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Time Flows towards Yasukuni - IJN AAR (Anachro v. andydb)

 
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Time Flows towards Yasukuni - IJN AAR (Anachro v. andydb) - 12/9/2018 5:08:29 PM   
Anachro


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Time Flows towards Yasukuni

A Narrative-based Japan AAR


_________________________________________________________________________________________


Hello everyone,

Restarting an old concept for a Japanese AAR. I did this earlier with an opponent a few years back that dropped out due to other time commitments.

This will be a simple narrative PBEM from the viewpoint of Admiral Matome Ugaki, Chief-of-Staff to Admiral Isoroku Yamamoto. The narrative will take the form of diary entries and I won't go into excessive detail of reports, combat events, or retelling of everything that happened. The inspiration is Ugaki's actual war diaries, which have been fully translated and are available through Amazon or other stores. Any IJN fanboy should really pick them up as they are fantastic. The book is titled Fading Victory: The Diary of Admiral Matome Ugaki, 1941-1945.

Settings
We are using DaBigBabes-C with the reduced shipping loads and the latest beta. Additionally, PDU is On, reinforcements are set to +/- 15 days variability, realistic R&D is on, USN torpedoes are terrible, and for some reason Allied damage control crews have the Harry Potter-esque power to repair things instantly with the wave of a wand.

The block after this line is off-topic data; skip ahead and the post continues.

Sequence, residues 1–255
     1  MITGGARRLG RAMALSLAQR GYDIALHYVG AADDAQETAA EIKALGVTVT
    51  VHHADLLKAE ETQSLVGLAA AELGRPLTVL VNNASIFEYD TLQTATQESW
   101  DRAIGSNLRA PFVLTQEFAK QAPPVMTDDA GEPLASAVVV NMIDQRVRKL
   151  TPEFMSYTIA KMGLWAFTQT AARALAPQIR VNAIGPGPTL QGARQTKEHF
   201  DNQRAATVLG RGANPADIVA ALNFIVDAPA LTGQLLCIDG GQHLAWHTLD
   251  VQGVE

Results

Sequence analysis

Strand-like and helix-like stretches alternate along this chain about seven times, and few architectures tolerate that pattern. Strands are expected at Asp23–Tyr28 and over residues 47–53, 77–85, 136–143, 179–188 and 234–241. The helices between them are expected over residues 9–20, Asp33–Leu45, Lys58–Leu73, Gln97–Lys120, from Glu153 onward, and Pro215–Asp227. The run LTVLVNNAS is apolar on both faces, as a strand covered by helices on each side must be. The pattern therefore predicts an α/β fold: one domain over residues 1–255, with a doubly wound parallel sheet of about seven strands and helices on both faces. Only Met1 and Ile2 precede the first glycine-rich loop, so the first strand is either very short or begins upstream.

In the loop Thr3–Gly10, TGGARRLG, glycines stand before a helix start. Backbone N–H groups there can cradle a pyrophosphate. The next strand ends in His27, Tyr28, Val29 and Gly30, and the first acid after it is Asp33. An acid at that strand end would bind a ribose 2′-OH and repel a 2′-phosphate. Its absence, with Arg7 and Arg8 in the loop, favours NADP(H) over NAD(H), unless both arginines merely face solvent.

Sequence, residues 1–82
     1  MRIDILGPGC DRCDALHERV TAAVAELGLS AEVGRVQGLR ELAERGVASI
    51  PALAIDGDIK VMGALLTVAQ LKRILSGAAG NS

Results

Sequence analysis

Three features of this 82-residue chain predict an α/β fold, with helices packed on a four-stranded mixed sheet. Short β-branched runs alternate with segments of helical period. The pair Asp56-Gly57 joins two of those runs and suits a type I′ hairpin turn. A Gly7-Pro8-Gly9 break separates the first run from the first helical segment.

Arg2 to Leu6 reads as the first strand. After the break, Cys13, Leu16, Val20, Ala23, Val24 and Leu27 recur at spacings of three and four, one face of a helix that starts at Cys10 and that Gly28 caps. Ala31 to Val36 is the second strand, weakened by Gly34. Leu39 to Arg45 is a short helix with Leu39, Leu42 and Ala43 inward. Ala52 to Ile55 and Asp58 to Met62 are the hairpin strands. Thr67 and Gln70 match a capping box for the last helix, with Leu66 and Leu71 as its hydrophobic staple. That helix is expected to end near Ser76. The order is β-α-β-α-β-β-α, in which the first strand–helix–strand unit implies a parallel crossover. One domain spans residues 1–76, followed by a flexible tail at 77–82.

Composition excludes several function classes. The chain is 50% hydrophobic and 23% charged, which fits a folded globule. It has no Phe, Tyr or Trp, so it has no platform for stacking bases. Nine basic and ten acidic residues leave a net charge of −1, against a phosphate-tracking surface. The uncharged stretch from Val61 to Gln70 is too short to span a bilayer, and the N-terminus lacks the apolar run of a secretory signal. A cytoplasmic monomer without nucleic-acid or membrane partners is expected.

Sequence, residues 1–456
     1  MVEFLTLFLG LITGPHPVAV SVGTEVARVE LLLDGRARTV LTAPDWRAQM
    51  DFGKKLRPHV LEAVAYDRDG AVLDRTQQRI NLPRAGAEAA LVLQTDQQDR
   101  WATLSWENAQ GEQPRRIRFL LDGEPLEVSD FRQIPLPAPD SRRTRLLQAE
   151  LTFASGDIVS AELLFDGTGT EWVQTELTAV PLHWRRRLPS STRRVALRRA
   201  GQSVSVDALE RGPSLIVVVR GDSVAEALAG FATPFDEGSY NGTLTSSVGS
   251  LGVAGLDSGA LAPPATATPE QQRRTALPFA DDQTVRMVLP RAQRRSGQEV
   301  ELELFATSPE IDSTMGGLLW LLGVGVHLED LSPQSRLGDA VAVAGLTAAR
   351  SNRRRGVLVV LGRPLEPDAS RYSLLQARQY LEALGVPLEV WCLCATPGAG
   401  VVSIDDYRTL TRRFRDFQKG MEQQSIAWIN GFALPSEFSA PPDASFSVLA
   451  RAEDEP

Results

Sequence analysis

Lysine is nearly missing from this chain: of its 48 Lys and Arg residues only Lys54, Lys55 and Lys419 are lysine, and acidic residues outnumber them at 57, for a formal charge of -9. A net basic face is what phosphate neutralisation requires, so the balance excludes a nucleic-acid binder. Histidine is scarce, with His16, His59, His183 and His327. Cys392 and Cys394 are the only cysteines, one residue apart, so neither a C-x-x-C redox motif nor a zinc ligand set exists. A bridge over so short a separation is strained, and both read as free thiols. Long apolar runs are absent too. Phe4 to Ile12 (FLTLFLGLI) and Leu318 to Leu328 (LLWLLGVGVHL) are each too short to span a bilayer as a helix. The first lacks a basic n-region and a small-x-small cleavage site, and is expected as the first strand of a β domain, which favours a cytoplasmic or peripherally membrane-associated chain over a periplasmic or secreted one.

Rules
1. Full PP to be paid to move units across national boundaries (except CAN/USA).
2. No carrier hunting on first turn.
3. Allied player can only move existing TFs and LCUs/Air force in China on first turn.

< Message edited by Anachro -- 12/9/2018 5:13:18 PM >
Post #: 1
RE: Time Flows towards Yasukuni - IJN AAR (Anachro v. a... - 12/9/2018 7:13:52 PM   
adarbrauner

 

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jAPANESE KNOW HOW TO PAINT, NO DOUBT...that's wonderful

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Post #: 2
RE: Time Flows towards Yasukuni - IJN AAR (Anachro v. a... - 12/9/2018 7:26:38 PM   
John 3rd


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Go get 'em!

_____________________________



Member: Treaty, Reluctant Admiral and Between the Storms Mod Team.

Reluctant Admiral Mod:
https://sites.google.com/site/reluctantadmiral/

(in reply to adarbrauner)
Post #: 3
Intro - 13 October 1941 - 12/9/2018 8:28:14 PM   
Anachro


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Introductory Entry, Monday, 13 October 1941

Four years have passed since the Chinese Incident started, but we have a long way to go before we can reach our goal. Changes in the development of the situation during these few years, especially the outbreak of the second European war in the northern part of Europe, our empire's entrance into the Axis alliance, together with the China Incident - these events are both nominally and virtually international and worldwide, and the latter two are inseparable from the former. Did the persons responsible for starting the incident ever dream or realize that it would eventually develop into the present state? We can't be proud of human wisdom. However, for two and a half years, holding the important office of chief of the First Bureau, Naval General Staff, I have tried my best to solve the problems of the incident, but in vain.